With a $17.5 billion surplus, we should be cutting taxes, not raising them
Despite a historic $17.5 billion surplus, DFL legislators want to raise taxes and fees on Minnesotans. One of the ways they want to do that is by creating a fifth-tier income tax through HF 442.
When originally proposed, HF 442 called for creating a 12.45 percent income rate for incomes over $250,000 for single filers; $500,000 for married joint filers; and $400,000 for taxpayers filing as head of household.
The author of the bill, Representative Kaohly Vang Her, has amended it. So, currently, the bill proposes a 10.85 percent tax bracket for incomes over $1 million for married individuals filing jointly; $600,000 for single filers, and $800,000 for taxpayers filing as head of household.
Earlier today, the House Tax Committee had a hearing on this bill. I spoke in opposition to the bill, arguing that it would be bad for Minnesota’s economy for the following reasons:
Minnesota is already a high-tax state. According to data from the Tax Foundation, this year, Minnesota’s top income tax rate is the seventh highest in the country.
Furthermore, this tax hike couldn’t have come at a worse time. Since 2021, numerous states have cut their income taxes permanently in response to growing tax revenues. Most of these states, in fact, already had favorable income tax systems compared to Minnesota. Their tax cuts have put us even further behind. We have a lot of catching up to do. Raising taxes is the opposite of what we should be doing.
Research generally shows that higher tax rates do not necessarily translate to higher revenues. The dollar amount of tax revenue seems far more likely to be a function of the size of the state’s economy than of its tax rates.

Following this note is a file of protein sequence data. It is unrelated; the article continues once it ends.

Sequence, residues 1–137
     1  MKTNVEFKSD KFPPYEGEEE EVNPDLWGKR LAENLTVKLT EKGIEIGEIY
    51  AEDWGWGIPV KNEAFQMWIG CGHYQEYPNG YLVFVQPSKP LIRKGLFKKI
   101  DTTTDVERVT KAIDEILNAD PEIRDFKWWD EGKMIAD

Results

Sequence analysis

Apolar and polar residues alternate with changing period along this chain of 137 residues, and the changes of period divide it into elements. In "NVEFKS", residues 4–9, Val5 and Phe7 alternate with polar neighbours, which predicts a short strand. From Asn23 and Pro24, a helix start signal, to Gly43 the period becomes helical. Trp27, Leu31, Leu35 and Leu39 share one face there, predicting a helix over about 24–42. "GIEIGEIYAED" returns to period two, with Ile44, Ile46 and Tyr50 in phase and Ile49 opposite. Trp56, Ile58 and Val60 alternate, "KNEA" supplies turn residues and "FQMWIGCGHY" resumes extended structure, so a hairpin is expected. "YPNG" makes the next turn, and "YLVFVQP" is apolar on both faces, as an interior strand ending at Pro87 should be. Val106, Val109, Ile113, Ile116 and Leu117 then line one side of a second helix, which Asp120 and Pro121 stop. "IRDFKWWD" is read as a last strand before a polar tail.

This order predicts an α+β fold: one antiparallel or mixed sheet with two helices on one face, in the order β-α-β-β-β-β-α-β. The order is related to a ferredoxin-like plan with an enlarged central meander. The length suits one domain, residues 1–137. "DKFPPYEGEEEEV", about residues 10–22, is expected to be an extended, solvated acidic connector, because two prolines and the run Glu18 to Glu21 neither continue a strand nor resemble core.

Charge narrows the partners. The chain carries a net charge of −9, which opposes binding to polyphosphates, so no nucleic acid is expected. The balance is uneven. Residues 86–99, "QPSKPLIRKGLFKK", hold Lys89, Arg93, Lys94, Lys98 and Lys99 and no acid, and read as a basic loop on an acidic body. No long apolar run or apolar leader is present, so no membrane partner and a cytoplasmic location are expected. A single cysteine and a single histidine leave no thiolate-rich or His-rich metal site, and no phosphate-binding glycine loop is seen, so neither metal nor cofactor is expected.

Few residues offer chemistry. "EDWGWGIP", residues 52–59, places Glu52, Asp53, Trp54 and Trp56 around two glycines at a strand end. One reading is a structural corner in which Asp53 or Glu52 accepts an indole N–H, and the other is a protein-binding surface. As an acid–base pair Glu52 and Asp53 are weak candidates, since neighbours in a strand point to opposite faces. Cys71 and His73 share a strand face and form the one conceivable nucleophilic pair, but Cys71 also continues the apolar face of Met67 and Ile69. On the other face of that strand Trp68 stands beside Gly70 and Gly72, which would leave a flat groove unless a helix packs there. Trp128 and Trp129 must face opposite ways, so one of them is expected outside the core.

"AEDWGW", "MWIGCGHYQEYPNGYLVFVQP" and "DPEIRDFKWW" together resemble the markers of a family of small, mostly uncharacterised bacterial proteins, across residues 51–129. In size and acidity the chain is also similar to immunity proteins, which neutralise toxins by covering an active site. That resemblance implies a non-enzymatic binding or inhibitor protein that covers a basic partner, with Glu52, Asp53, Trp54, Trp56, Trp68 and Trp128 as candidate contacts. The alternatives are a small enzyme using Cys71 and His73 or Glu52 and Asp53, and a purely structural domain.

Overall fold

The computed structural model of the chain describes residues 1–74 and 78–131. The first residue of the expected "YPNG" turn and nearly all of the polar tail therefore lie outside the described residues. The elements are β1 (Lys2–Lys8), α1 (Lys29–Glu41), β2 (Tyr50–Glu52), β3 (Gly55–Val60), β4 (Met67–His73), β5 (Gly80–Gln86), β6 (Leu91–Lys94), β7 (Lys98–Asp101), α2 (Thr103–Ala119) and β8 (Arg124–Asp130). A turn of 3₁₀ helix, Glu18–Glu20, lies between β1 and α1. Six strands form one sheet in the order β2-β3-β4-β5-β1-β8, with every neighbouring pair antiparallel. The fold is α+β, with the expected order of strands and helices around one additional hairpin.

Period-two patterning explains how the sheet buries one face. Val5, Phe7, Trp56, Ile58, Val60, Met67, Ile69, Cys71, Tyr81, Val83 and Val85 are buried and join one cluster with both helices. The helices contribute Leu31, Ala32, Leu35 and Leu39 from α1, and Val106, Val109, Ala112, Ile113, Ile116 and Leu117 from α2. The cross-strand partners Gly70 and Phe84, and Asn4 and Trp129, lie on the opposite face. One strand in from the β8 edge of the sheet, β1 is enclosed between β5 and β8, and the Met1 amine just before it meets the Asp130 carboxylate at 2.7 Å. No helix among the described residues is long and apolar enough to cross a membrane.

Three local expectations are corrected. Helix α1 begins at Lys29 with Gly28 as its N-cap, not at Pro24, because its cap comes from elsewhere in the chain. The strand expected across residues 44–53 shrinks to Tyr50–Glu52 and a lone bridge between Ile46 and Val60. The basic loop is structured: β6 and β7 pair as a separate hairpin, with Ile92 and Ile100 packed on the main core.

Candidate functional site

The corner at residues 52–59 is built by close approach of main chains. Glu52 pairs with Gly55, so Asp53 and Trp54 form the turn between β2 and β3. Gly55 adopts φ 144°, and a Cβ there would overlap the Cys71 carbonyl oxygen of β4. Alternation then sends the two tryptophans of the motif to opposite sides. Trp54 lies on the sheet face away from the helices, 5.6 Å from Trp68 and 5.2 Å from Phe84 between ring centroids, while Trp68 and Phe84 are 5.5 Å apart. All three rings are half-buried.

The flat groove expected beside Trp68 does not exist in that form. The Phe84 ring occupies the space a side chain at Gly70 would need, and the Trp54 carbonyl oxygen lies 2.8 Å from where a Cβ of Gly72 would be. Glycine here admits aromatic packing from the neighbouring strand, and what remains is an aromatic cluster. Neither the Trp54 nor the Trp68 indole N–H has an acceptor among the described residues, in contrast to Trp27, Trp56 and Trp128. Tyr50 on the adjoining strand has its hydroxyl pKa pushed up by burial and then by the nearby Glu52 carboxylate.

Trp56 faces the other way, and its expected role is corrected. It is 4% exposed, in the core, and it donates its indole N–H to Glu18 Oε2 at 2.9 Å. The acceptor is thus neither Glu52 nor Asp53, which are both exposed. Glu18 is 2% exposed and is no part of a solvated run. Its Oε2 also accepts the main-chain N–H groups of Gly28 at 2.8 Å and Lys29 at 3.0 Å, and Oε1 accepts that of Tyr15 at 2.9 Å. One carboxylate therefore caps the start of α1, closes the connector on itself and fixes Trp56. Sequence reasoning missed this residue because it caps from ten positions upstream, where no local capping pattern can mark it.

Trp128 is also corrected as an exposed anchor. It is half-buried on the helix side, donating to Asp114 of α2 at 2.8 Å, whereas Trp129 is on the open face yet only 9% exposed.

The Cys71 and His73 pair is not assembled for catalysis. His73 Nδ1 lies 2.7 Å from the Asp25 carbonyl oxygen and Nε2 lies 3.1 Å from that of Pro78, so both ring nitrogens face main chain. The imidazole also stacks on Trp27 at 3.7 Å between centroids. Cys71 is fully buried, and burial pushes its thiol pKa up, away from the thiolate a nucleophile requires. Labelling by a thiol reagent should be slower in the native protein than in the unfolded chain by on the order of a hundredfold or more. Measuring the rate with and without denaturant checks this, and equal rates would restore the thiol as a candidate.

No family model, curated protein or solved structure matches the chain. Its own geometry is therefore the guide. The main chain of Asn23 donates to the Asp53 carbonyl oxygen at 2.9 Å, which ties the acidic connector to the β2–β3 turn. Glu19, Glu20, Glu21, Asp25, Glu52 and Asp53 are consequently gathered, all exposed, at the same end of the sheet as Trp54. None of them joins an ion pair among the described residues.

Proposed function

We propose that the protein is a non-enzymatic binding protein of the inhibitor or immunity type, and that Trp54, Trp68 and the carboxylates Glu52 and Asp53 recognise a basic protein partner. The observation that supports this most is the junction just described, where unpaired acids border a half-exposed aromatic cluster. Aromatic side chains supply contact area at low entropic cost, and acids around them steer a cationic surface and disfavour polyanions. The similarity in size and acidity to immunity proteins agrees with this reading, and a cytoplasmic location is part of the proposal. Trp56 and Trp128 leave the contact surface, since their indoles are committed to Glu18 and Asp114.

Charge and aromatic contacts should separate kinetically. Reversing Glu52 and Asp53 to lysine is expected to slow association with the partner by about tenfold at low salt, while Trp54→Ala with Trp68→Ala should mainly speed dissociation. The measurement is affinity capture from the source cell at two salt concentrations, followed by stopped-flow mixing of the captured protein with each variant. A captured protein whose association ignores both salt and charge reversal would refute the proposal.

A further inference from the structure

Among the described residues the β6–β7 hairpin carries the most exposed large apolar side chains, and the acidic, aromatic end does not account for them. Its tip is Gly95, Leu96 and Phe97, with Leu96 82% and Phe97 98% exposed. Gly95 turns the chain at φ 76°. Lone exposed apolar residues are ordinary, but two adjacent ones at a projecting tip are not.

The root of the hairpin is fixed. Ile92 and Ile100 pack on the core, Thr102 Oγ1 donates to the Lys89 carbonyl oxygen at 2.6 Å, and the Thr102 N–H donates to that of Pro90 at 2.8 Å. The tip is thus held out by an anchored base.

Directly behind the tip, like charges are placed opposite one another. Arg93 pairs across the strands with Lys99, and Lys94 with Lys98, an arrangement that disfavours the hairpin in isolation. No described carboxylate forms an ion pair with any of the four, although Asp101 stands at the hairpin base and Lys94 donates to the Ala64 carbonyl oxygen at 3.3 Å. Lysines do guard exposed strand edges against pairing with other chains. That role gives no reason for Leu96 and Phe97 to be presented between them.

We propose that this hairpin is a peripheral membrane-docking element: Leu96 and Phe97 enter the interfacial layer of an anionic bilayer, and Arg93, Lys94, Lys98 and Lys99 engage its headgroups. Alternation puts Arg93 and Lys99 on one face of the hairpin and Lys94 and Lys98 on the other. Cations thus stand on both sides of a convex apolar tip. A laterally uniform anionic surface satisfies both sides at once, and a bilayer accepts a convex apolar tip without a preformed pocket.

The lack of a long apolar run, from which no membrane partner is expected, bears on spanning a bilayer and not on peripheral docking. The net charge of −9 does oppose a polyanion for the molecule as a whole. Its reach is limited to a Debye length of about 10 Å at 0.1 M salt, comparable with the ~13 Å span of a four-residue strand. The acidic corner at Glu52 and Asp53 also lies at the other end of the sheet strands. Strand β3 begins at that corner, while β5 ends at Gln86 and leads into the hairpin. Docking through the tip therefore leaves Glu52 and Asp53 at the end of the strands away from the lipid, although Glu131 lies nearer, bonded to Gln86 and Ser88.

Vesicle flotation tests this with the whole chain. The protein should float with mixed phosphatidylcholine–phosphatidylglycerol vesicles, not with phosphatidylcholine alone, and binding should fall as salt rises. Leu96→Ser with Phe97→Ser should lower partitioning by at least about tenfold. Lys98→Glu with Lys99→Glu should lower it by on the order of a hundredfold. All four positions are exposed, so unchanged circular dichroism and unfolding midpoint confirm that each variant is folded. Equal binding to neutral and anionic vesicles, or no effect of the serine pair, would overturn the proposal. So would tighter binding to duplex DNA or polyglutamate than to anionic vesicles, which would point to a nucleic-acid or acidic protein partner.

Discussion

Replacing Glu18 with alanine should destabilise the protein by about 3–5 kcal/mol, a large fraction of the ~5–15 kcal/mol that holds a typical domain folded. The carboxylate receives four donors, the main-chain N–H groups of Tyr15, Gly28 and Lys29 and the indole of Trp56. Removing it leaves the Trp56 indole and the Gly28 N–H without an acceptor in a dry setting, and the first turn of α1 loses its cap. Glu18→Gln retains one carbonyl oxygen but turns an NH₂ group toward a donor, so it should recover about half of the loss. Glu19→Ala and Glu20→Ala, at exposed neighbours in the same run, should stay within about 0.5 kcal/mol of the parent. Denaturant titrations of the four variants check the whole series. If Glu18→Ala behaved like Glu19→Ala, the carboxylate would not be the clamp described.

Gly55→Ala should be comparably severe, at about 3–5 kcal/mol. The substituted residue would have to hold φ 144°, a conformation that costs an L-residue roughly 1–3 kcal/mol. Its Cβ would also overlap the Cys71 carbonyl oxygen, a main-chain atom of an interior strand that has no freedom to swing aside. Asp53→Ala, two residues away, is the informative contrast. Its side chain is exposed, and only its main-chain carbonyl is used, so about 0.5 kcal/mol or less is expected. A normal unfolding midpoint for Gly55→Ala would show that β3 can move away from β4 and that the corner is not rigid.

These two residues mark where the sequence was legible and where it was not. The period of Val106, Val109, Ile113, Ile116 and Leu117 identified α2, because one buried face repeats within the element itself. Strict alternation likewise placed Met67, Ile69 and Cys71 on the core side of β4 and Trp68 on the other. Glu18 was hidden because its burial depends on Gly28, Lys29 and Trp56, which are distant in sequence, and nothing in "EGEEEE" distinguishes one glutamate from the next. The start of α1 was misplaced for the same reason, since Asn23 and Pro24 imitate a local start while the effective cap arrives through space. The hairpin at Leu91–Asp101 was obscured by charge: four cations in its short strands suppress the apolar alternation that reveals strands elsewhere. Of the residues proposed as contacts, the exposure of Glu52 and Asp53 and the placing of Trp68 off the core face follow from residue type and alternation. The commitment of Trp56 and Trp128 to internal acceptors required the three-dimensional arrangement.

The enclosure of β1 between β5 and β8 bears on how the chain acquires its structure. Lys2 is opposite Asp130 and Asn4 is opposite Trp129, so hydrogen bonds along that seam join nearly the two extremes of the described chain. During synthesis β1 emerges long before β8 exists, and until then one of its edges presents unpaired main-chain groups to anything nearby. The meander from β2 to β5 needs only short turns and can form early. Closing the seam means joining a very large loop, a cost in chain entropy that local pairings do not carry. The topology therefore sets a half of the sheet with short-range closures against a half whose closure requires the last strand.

So, while creating a fifth-tier income tax bracket would not bring the state more money, it will make it harder for Minnesota to compete with other states and the rest of the world for skilled labor as well as investment capital. That is a battle that we are already losing, highly due to our punitive taxes. Data from the IRS shows that Minnesota, on average, has been losing middle and high-income residents to low-tax states like Florida.
To grow, Minnesota’s economy needs people to come and invest in our state. And our businesses need highly skilled and highly productive people to come and work here. With a $17.5 billion surplus, we have a historic opportunity to cut taxes and make Minnesota a more attractive place for people to move to, work and invest in. This bill, however, does just the opposite.
Certainly, childcare and housing are expensive in Minnesota, but more revenues — if they at all materialize— won’t solve such issues. This is because these issues are caused by government regulation, to begin with. Not to mention that Minnesota already spends a lot of money. More spending will unlikely accomplish much.
You can watch my testimony here.